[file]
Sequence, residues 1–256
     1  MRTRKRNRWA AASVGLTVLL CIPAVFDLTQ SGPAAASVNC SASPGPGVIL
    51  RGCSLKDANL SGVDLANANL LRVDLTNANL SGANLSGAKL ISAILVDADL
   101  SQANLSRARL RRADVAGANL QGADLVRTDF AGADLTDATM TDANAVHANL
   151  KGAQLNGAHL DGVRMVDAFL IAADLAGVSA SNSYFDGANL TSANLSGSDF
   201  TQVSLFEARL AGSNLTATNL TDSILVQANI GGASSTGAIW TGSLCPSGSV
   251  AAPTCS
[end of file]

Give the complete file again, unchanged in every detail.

Sequence, residues 1–256
     1  MRTRKRNRWA AASVGLTVLL CIPAVFDLTQ SGPAAASVNC SASPGPGVIL
    51  RGCSLKDANL SGVDLANANL LRVDLTNANL SGANLSGAKL ISAILVDADL
   101  SQANLSRARL RRADVAGANL QGADLVRTDF AGADLTDATM TDANAVHANL
   151  KGAQLNGAHL DGVRMVDAFL IAADLAGVSA SNSYFDGANL TSANLSGSDF
   201  TQVSLFEARL AGSNLTATNL TDSILVQANI GGASSTGAIW TGSLCPSGSV
   251  AAPTCS